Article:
Faculty Articles

Title

Typologies of Coping in Young Adults in the Context of the COVID-19 Pandemic

Document Type

Article

Publication Date

7-1-2021

Publication Title

The Journal of General Psychology

ISSN or ISBN

1940-0888

Volume

148

Issue/Number

3

Abstract/Excerpt

The COVID-19 pandemic has created major upheavals in the lives of people worldwide. The virus has mostly affected elderly populations, but there may be corollary effects on young adults' psychosocial adjustment due to educational, economic, and occupational disruptions. Using latent class analysis, we examined unique typologies of coping in response to the pandemic among young adults. We used an expanded set of indicators including traditional measures of problem- and emotion-focused coping as well as measures of resilience and coping flexibility. We also examined whether class membership could be predicted by demographics, stress appraisal, and psychosocial characteristics including catastrophic thinking and impulsivity. The sample of 1,391 young adults (ages 18-35) was recruited via Amazon's Mechanical Turk (MTurk) and snowball methods from late-April to early-May 2020. Six classes were identified: (1) Resilient Flexible Problem-Focused Copers, (2) Resilient Inflexible Problem-Focused Copers, (3) Non-Resilient Flexible Problem-Focused Venters, (4) Non-Resilient Flexible Problem-Focused Copers, (5) Non-Resilient Flexible Non-Copers, and (6) Non-Resilient Inflexible Non-Copers. Using Class 1 as the reference class, we found perceived centrality and uncontrollability of the pandemic as well as catastrophic thinking and impulsivity were significant predictors of class membership. The mean levels of stress appraisal and psychosocial characteristics varied significantly between the classes, reinforcing the structural validity of these classes. The findings suggest the importance of training young adults to develop resilience and flexibility as well as specific coping skills that can help offset the psychological effects of dramatic lifestyle changes that may result from pandemics or other health crises in the future.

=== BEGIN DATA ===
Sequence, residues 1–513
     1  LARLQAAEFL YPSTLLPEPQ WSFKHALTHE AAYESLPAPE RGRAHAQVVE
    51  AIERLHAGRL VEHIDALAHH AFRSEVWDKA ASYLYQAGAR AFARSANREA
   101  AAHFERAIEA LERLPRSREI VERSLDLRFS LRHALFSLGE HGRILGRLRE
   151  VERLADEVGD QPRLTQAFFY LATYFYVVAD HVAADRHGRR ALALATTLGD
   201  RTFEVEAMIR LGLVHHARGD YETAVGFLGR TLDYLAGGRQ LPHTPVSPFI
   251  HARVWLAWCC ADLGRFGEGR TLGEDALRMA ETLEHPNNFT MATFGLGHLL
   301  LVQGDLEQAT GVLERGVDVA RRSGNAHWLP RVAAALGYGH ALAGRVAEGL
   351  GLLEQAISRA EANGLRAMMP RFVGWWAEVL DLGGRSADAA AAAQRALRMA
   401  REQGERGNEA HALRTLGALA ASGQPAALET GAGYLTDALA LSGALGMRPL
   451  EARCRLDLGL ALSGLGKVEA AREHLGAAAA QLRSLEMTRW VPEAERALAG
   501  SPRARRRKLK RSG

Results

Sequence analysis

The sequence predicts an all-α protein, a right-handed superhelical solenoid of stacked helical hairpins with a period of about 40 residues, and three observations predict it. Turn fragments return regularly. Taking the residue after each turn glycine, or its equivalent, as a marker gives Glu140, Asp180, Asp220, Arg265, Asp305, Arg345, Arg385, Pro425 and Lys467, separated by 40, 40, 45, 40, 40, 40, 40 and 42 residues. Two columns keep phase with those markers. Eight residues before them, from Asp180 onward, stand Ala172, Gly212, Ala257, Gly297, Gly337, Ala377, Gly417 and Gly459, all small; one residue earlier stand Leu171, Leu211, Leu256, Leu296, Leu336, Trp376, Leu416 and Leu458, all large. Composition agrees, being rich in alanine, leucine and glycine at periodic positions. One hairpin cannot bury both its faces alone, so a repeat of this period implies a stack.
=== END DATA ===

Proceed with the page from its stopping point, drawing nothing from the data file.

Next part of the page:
DOI

10.1080/00221309.2021.1874864

PubMed ID

33475048

Peer Reviewed

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